A loss function computes a single numerical value that the learning process will attempt to minimize. Loss calculation typically involves taking the difference between the desired outputs for some training samples and the outputs produced by the model when fed those samples—for example, the difference between the predicted output by our model and the actual output.

Based on the mathematical expression(loss function) we choose, we can emphasize certain errors. Conceptually, a loss function is a way of prioritizing which errors to fix from our training samples, so that our parameter updates result in adjustments to the outputs for the highly weighted samples instead of changes to some other samples that had a smaller loss.

In this tutorial first, we define what multi-class and multi-label classification mean and then we discuss **How to select a loss function to train a neural network in Keras and PyTorch**.

**Multi-Class Classification Loss Function**

The goal of a multi-class classification problem is to predict a value that can be one of three or more possible discrete values, such as “red,” “yellow” or “green” for a traffic signal. The problem is often framed as predicting an integer value, where each class is assigned a unique integer value from 0 to (*num_classes – 1*). The problem is often implemented as predicting the probability of the example belonging to each known class.

In the classification problem, Cross-entropy loss is the obvious choice.

Here is how we calculate CrossEntropy loss in a simple multi-class classification case when the target labels are mutually exclusive. During the loss computation, we only care about the logit corresponding to the truth target label and how large it is compared to other labels. Softmax makes all predicted probabilities sum to 1, so there couldn’t be several correct answers.

### Keras **Multi-Class Classification Loss Function**

Sparse Cross-entropy is the default loss function to use for multi-class classification problems. It is intended for use with multi-class classification where the target values are in the set {0, 1, 3, …, n}, where each class is assigned a unique integer value.

Cross-entropy will calculate a score that summarizes the average difference between the actual and predicted probability distributions for all classes in the problem. The score is minimized and a perfect cross-entropy value is 0.

Sparse cross-entropy can be used in keras for multi-class classification by using ‘*sparse_categorical_crossentropy*‘ when calling the *compile()* function.

```
model.compile(loss='sparse_categorical_crossentropy', optimizer=opt, metrics=['accuracy'])
```

The function requires that the output layer is configured with an *n* nodes (one for each class), in this case, three nodes, and a ‘*softmax*‘ activation in order to predict the probability for each class.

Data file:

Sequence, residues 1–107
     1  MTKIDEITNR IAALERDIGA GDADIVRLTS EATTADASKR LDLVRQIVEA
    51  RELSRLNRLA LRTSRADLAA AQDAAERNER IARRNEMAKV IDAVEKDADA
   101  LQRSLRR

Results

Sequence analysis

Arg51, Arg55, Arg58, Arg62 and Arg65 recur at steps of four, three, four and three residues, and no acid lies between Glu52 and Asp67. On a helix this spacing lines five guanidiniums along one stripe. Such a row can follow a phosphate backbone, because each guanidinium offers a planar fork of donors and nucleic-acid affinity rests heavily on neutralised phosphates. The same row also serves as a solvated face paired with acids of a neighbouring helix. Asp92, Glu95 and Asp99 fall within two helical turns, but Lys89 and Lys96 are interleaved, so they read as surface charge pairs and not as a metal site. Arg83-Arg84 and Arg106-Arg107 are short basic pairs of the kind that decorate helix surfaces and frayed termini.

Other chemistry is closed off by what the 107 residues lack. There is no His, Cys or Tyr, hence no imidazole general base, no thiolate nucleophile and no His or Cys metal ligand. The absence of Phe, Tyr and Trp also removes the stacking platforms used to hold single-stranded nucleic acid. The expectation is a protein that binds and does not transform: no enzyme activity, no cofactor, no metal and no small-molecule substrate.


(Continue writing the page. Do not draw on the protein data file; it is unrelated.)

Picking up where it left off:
```
model.add(Dense(3, activation='softmax'))
```

**PyTorch Multi-Class Classification Loss Function**

PyTorch has standard loss functions that we can use: for example, `nn.BCEWithLogitsLoss()`

for a **binary classification** problem, and a `nn.CrossEntropyLoss()`

for a multi-class classification problem like MNIST.

```
criterion = nn.CrossEntropyLoss()
```

It takes the logit prediction and ground truth as parameters, and returns the loss. Two things to keep in mind for this function:

- 1. Loss functions like this usually take the logit as a parameter, rather than the post-softmax probability distributions. This is for numerical stability.
- 2. This loss function also takes the ground-truth integer index as a parameter, rather than a one-hot vector.

```
loss = criterion(y, torch.Tensor([8]).long()) # digit 8 = the 8-th class
print(loss)
```

**Multi-Label classification Loss Function**

In a multi-class classification, our true label usually corresponds to a single integer. However, in multi-label classification, inputs can be associated with multiple classes. For example, a movie poster can have multiple genres.

Multi-label classification problem we can have any number of classes associated with it. We’ll assume that the labels are mutually exclusive and thus, instead of one hot encoding, we’ll try **multi-label binarization**. Here the label is transformed into a binary vector such that all values are zero except the indexes associated with each class in that label, which is marked with a 1.

Treat each prediction independently. For example, using the Sigmoid function as a normalizer for each logit value separately.

### Keras **Multi-Label classification Loss Function**

For a multi-label classification problem, we use the sigmoid activation function for the output layer. What sigmoid does is that it allows you to have a high probability for all your classes or some of them or none of them.

```
model.add(Dense(y_train.shape[1], activation='sigmoid')) #notice activation for output layer.
```

In multi-label classification, we use a binary classifier where each neuron(y_train.shape[1]) in the output layer is responsible for one vs all class classification. binary_crossentropy is suited for binary classification and thus used for multi-label classification.

```
model.compile(loss='binary_crossentropy', optimizer='adam)
```

### PyTorch **Multi-Label classification Loss Function**

Here we have several correct labels and predicted probability for each label. We can compare these probabilities with the probabilities of the correct labels using BinaryCrossEntropy loss.

BinaryCrossEntropy loss defines in PyTorch code simply as:

```
criterion = nn.BCELoss()
```

During the inference specifying a threshold value, so all labels with probabilities higher than it is considered predicted labels, and others are skipped for example threshold value of 0.5.